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Andy Murray thanks fans and fellow players for their outpouring support after tearful announcement

Andy Murray shares an emotional message on social media thanking everybody for their messages of support. Credit: Andy Murray/Instagram

Andy Murray has thanked fans and fellow players for their outpouring support, after admitting earlier there is a "chance" he could retire after next week's Australian Open.

The former world number one shared a photograph showing him with his mother, Judy, in an Instagram post.

"Best way to feel better after a tough day is a big cuddle from your mum," he said.

Murray added: "Genuinely been very touched by all of the messages and support from everybody today... It means a lot and has made me feel much more positive than when I woke this morning. Thank you so much."

Earlier on Friday, he broke down in tears when asked whether the grand slam could be his last tournament following a 20-month battle with a hip injury.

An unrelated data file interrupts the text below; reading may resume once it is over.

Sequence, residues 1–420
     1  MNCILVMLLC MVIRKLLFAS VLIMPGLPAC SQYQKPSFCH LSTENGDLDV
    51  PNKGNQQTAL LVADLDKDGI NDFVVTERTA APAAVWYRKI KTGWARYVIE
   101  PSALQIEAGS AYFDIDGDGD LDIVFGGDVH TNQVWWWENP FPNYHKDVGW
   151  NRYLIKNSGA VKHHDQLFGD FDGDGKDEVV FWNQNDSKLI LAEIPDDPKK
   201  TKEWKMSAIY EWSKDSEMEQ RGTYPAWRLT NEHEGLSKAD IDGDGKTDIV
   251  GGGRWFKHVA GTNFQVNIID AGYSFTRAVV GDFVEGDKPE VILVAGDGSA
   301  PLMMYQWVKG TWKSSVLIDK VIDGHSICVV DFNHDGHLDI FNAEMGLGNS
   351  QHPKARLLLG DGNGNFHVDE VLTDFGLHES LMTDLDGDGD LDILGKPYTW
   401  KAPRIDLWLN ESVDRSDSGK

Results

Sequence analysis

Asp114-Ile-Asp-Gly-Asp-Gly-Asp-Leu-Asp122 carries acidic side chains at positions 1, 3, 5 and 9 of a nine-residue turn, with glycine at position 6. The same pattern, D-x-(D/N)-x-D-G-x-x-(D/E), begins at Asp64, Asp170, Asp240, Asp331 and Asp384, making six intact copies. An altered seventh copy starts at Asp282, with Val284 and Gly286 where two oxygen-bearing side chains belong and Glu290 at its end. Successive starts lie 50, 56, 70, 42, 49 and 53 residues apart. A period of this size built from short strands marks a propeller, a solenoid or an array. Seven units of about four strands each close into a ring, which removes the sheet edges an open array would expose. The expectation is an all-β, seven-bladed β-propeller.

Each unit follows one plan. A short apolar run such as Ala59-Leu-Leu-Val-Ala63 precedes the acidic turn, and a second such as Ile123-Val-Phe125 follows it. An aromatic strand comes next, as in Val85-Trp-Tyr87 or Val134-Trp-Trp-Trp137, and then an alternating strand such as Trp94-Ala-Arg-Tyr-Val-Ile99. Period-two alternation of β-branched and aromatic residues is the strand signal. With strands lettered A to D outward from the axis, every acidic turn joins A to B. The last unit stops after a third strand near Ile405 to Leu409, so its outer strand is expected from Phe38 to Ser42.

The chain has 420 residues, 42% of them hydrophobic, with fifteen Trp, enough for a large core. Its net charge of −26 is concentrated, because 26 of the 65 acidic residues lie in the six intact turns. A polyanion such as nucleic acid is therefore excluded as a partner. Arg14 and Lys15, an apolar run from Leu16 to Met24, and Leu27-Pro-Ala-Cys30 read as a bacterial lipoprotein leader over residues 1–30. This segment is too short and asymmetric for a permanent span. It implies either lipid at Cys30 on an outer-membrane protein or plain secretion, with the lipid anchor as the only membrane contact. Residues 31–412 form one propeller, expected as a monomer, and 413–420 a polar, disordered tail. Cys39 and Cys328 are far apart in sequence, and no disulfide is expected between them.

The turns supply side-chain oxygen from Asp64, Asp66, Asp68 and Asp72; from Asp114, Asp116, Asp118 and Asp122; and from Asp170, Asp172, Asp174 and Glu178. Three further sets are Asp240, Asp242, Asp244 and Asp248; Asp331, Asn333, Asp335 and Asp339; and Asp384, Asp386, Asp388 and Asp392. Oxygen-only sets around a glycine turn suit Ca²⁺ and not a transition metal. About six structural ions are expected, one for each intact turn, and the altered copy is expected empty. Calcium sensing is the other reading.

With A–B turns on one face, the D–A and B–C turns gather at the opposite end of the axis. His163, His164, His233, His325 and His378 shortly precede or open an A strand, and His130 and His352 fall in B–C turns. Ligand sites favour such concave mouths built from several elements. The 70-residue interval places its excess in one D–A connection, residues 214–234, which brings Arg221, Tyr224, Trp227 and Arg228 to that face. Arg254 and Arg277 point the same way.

The 31-year-old Scot told journalists he hoped to play at Wimbledon later this year, but the pain in his hip was making it difficult to cope.

In an emotional news conference on Friday, the three-time grand slam winner had to leave the room once and needed to pause several times as he struggled to overcome his emotion.

"I can still play to a level - not a level I'm happy playing at," he said. "But also, it's not just that. The pain is too much really.

"I don't want to continue playing that way. I tried pretty much everything that I could to get it right but that hasn't worked."

Murray is set to play against Spanish Roberto Bautista Agut in the first round of the Australian Open.

He said he was "not feeling good" and admitted he had been "struggling for a long time".

Asked if the Australia Open may be his last tournament, Murray broke down in tears before saying there was a "chance" that may be the case.

Murray has been struggling to play through the pain in his hip. Credit: AP

"I spoke to my team and I told them I can't keep doing this, that I needed to have an end point because (I was) sort of playing with no idea when the pain was going to stop," he said.

"I said to my team 'I think I can get through to Wimbledon' ... that's where I would like to stop playing."

He added: "But I'm also not certain I'm able to do that.

"I'm not sure I'm able to play through the pain for another four of five months."